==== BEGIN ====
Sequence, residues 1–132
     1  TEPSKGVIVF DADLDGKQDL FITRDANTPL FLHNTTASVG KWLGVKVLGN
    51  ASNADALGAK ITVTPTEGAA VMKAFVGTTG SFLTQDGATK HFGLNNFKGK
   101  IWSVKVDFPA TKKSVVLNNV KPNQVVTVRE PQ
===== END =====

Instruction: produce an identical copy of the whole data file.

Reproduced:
Sequence, residues 1–132
     1  TEPSKGVIVF DADLDGKQDL FITRDANTPL FLHNTTASVG KWLGVKVLGN
    51  ASNADALGAK ITVTPTEGAA VMKAFVGTTG SFLTQDGATK HFGLNNFKGK
   101  IWSVKVDFPA TKKSVVLNNV KPNQVVTVRE PQ